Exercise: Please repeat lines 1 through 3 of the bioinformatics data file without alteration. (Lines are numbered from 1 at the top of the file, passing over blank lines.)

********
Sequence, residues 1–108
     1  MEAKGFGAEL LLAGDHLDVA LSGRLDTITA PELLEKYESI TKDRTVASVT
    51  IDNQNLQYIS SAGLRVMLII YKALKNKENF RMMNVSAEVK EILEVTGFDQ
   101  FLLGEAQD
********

Sequence, residues 1–108
     1  MEAKGFGAEL LLAGDHLDVA LSGRLDTITA PELLEKYESI TKDRTVASVT
    51  IDNQNLQYIS SAGLRVMLII YKALKNKENF RMMNVSAEVK EILEVTGFDQ